This article was published in Australian Dictionary of Biography, Volume 5, (MUP), 1974
William Edward Nairn (1812-1869), public servant and politician, was born at Widcombe, Somerset, England, only son of Captain William Nairn and his wife Mary Ann. In January 1830 he entered Queen's College and until 1834 was a scholar at Lincoln College, Oxford (B.A., 1833). In London he met Alexander Maconochie who told him that Sir John Franklin was to replace Lieutenant-Governor Arthur in Van Diemen's Land. Nairn's father had bought a schooner for £500 in the Sandwich Islands and with a royal certificate sailed to Madras, Swan River and Hobart Town where the authorities refused to allow her to clear for any port except in the Sandwich Islands. In January 1836 William Edward wrote to Franklin who agreed to grant the schooner a licence for trade on the Tasmanian coast. With this experience Nairn sailed from Southampton in the Fairlie with Franklin's party and arrived at Hobart in February 1837.
Nairn was appointed clerk in the Colonial Secretary's Office in June but his diligent competence soon won him more important posts. On the voyage he had offered to serve on the Tasmanian Board of Education and in February 1839 Franklin appointed him as an Anglican member of the board in place of Captain Swanston. In October Nairn became its secretary, holding that office intermittently until 1847, and retained his seat on the board until 1858, when it was made a council; he served as its president until 1868. He had acted as clerk to the Executive and Legislative Councils in 1840 and as assistant colonial secretary and assistant police magistrate at Prosser's Plains in 1842. As assistant comptroller of the Convict Department in 1843, he had charge of the prisoners in Tasmania and Norfolk Island, was departmental registrar in 1855-56 and comptroller-general of convicts at a salary of £800 in 1859-68. He was also sheriff of Hobart in 1857-68.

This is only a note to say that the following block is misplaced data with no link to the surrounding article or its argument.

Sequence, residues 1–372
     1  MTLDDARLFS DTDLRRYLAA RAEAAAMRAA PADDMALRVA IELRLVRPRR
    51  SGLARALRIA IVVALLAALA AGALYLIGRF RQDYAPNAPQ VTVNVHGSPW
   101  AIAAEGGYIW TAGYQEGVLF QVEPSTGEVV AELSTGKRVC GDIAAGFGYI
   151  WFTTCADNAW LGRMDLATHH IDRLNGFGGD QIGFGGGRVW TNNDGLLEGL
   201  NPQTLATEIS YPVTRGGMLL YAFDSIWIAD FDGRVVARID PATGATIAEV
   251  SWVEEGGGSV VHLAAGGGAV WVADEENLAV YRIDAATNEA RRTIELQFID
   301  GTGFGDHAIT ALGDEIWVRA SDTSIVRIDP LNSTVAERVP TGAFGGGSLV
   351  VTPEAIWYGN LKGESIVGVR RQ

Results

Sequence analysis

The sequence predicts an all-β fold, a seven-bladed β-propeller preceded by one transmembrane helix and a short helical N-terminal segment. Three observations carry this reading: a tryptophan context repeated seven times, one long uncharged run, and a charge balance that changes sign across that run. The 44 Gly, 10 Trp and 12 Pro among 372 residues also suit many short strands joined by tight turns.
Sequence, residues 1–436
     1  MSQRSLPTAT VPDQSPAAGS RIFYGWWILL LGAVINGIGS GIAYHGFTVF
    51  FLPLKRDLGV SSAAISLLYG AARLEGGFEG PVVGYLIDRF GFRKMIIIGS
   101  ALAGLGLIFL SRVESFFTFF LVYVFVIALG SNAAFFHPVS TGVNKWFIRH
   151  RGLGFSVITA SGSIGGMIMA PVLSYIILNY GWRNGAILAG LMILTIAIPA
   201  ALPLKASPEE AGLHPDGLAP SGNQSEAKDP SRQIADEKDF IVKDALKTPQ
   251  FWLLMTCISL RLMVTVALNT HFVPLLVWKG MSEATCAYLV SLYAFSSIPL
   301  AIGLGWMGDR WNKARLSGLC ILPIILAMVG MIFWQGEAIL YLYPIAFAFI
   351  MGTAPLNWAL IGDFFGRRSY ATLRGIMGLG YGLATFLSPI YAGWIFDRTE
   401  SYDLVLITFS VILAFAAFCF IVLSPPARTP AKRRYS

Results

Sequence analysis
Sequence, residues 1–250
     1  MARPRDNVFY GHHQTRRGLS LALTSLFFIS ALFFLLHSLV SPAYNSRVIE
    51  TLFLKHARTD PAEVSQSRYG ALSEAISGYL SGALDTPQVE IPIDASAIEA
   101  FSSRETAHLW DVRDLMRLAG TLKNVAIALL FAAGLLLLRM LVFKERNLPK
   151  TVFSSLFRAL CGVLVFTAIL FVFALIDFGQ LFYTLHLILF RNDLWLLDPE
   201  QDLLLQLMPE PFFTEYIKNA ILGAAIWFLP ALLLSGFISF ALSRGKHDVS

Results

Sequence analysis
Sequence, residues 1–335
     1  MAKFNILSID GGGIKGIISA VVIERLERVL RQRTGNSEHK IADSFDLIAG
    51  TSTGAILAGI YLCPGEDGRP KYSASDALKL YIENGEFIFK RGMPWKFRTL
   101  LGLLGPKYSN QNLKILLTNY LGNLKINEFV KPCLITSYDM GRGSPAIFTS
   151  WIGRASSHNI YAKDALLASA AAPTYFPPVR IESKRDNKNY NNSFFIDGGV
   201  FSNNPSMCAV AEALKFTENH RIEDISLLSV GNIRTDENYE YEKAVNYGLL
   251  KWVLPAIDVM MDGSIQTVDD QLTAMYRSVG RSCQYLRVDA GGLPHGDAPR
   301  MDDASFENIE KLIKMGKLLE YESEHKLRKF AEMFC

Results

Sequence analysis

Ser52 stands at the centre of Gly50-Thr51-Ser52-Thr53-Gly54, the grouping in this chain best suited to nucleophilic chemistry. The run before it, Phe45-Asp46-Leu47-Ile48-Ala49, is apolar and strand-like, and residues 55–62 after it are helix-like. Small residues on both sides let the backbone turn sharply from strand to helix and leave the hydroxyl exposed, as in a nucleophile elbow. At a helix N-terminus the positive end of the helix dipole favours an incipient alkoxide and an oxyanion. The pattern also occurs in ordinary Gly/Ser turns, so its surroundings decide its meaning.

Nairn had been elected unopposed for Meander to the Legislative Council and became its president in January 1856. When Tasmania was granted responsible government he again won Meander and in the first administration, led by W. T. N. Champ, in November became minister without portfolio. The government fell in February 1857 but Nairn was re-elected for Meander and again in 1865 and continued as president of the Legislative Council. He was invited to sit on a dozen select committees of the House of Assembly. His uprightness and urbanity eased the transaction of business with colleagues and those who served under him. In September 1868 he took sick leave but did not recover. He died at Hobart on 9 July 1869, survived by his wife Maria, née Swan, whom he had married on 26 April 1845 at St David's Church, and by three sons and five daughters. His estate of £2200 in Tasmania and £4400 in England was left to his widow.
'Nairn, William Edward (1812–1869)', Australian Dictionary of Biography, National Centre of Biography, Australian National University, http://adb.anu.edu.au/biography/nairn-william-edward-4285/text6933, published first in hardcopy 1974, accessed online 31 May 2016.
This article was first published in hardcopy in Australian Dictionary of Biography, Volume 5, (MUP), 1974